g 133.5 0m m0 13: m -0 E F 132.5
131.5 Nominal iv j Initial DeriaDsis altitude = .. 200kmI I I I 131 0.727 0.728 0.729 0.73 0.731 0.732 0.733 0.734 Initial eccentricity
Fig. 1 Oscillation in escape time using tangential thrust for various initial Earth orbits, with thrust starting at periapsis.
I I I I I I I I 0' 0 0.1 0.2 0.3 0.4 0.5 0.6 0.7 0.8 0.9 Initial eccentricity
Fig. 2 Upper and lower bounds in escape time using tangential thrust for various initial Earth orbits, with thrust starting at periapsis.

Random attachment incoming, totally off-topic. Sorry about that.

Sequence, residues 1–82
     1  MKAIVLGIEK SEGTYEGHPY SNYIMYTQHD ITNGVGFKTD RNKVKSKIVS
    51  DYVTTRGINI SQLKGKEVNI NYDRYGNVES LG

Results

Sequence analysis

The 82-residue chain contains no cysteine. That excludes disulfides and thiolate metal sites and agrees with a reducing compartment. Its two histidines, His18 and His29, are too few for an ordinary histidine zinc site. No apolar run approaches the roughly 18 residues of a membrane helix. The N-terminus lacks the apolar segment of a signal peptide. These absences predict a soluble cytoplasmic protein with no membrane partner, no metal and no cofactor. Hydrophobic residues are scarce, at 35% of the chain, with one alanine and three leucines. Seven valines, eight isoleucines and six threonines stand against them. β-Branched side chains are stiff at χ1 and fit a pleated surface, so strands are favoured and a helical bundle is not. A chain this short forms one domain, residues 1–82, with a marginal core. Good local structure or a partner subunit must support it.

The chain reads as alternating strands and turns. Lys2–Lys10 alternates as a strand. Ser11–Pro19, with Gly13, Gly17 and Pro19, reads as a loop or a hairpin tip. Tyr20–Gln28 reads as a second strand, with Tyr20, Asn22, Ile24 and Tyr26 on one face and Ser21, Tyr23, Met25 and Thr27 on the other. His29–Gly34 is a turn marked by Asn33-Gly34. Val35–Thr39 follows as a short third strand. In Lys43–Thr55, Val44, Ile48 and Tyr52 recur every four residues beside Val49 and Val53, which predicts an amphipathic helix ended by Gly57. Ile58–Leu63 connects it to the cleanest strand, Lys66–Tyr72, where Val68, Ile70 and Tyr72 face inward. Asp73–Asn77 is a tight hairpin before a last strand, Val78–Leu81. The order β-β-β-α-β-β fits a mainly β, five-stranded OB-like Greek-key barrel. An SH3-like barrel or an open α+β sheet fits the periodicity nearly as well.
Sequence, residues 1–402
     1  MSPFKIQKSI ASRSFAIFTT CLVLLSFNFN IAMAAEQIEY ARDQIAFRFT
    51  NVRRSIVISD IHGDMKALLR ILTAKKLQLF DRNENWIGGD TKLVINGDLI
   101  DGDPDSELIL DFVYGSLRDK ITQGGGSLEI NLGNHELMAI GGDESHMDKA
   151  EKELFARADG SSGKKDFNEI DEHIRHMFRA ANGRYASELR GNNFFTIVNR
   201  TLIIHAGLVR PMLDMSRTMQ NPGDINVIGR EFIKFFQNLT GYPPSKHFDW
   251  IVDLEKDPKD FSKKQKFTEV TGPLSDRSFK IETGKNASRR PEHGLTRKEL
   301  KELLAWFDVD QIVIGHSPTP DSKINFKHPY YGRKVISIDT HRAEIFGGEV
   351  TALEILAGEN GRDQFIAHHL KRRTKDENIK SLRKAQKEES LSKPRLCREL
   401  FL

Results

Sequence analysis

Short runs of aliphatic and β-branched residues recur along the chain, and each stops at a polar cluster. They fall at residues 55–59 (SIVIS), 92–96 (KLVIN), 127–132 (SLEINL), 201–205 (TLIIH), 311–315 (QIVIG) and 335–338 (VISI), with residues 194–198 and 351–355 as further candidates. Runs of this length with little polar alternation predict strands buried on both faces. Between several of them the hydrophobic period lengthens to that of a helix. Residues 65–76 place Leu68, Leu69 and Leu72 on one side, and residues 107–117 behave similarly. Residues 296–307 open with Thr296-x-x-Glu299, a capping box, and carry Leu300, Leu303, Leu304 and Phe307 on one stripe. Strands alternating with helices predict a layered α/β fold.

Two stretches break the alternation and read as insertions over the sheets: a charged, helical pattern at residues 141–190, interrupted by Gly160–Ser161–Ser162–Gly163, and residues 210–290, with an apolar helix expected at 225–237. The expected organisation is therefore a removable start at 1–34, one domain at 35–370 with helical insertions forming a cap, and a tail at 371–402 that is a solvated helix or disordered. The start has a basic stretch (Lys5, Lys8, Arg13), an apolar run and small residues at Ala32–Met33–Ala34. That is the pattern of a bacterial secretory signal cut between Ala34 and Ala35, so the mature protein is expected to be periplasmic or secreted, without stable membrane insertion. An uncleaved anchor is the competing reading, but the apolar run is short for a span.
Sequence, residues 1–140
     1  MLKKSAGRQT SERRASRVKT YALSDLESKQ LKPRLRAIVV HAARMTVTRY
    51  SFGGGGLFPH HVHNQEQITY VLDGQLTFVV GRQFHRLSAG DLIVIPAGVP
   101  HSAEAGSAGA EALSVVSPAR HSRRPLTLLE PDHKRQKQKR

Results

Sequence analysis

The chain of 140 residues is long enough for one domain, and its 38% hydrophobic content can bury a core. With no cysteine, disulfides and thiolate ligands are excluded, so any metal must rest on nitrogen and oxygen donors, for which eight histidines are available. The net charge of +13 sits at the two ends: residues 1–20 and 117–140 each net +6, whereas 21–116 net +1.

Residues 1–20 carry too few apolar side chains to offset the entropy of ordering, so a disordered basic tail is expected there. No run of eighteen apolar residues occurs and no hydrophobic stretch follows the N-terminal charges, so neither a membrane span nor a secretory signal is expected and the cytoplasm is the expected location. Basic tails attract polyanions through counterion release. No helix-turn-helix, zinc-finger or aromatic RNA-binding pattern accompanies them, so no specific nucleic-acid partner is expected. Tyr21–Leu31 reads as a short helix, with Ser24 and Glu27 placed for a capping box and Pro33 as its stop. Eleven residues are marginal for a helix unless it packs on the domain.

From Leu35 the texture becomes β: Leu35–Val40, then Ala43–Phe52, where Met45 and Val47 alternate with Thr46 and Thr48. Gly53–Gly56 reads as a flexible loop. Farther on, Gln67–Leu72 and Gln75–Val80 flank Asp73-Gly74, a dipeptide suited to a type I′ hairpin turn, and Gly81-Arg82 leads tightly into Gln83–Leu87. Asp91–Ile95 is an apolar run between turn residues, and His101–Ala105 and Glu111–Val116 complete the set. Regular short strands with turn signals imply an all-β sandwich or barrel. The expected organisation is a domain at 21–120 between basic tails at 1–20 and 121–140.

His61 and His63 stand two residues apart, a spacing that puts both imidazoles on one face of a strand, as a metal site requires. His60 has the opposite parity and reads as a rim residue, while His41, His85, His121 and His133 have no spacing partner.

3 American Institute of Aeronautics and Astronautics from unity will typically be needed to give the min- the escape time for the afll-based optimum when imum escape time. The thrust angle, then, is given compared with the subsequently-listed solutions in by: Table 1 is attributable to slight differences in the 7r precision to which the convergence criteria are met, af56 = - - - atan(c,ct, cno) Y 2 (4) rather than to the presence of a different local mini- where mum. The number of iterations for the af56 solution is considerably less than the number needed by the other initial guesses leading to the same optimum be- cause of the experience gained in selecting parameters + that control the optimisation. The computation time (1 + e)& needed for the optimisation of the af56 initial guess was about 8.4 hours on a SunBlade 1000 workstation. Both of the optimal solutions retain from the initial \, 1-e I guesses the number of integral revolutions required for escape. In the atl case, the optimisation reduced with r, representing the osculating apoapsis radius, the number of revolutions by almost a half, and also T, = a(1 + e). The notation I#J = atan(y,z) is short- obtained the escape from apoapsis condition (absent hand for (Rsin4 = y, Rcos = .). For the nominal + from the initial guess), as seen in the optimal flight- GTO, the weighting coefficient is set to cw = 2.8 to path-angle and thrust-angle profiles depicted in Fig. obtain a favourable escape time. 5. The optimal thrust direction is seen to lie close to To again illustrate the phasing issue, the four con- the velocity vector except near the maxima and min- trol laws of Eqs. 1-4, and the tangential thrust law ima in flight-path angle. From the thrust-angle pro- afl), (designated are applied to orbits near the nomi- file we see that as the spiral progresses, the apoapsis nal GTO. The escape times, using the stepped-thrust direction does not change significantly except on the integrator, are shown graphically in Fig. 3. Except last revolution. Thus, the last apoapsis would be ex- for afl,the other thrust laws are close to their mini- pected to fall at about 92.5 revolutions, but because mum escape time when the nominal GTO (eccentric- enough thrust is available, the apoapsis is pushed for- ity 0.7306) is the initial orbit. The thrust angles are ward and the flight-path angle remains very close to shown graphically in Fig. 4 for the initial and kal zero for about 3 revolution, the nadir occurring about portions of the spiral trajectory. revolution after the 92.5-revolution mark (see Fig. 5). (Were the nadir exactly at zero, then the apoapsis Optimisation and periapsis points would have coalesced into one, this being the basis for the term “escape from apoap- sis.”) From its last nadir, the flight-path angle rises Starting in the nominal GTO, the SDC optimiser is used to minimise the escape time, with five differ- increasingly fast with polar angle up to escape, that ent initial guesses which are obtained by integrating is, d2y/d02 is greater than zero. From the last nadir the four control laws of Eqs. 14 and the tangential about half a revolution remains before escape. Thus, thrust law. Approximately 60 management periods, escape occurs about revolutions after crossing the during each of which the thrust direction is held iner- approximate direction of all but the last apoapses. tially fixed, are used per revolution. The optimisation The spiral trajectory is depicted in Fig. 7, with the involves 18729 independent variables. departure direction seen to be about a revolution Data for the initial guesses and corresponding op- past the initial periapsis. timised solutions are compared in Table 1, which The second locally optimal solution, whose flight- shows the number of revolutions and time required path-angle and thrust-angle profiles are shown in Fig. for escape, the difference in escape time between 6, also has the escape from apoapsis condition, al- the initial guess and optimal solution, and the num- though it occurs almost exactly one revolution later ber of iterations needed for convergence. It is evi- than in the first optimal solution. The optimisa- dent from the table that there are two distinct lo- tion did not significantly alter the number of revo- cal minima in escape time, that from the tangen- lutions of the initial guesses leading to the second tial thrust law, afl,and that from each of the other optimum. Furthermore, the initial guesses also ex- initial guess control laws. The first and lower min- hibited the escape from apoapsis condition. Indeed, imum has about 93; revolutions, while the second it would appear that the optimisation strove to retain and slightly higher minimum has about 941 revolu- this characteristic. Rather than reducing flight time tions. The difference in the fourth decimal place of by a gradual reduction in the revolutions to escape,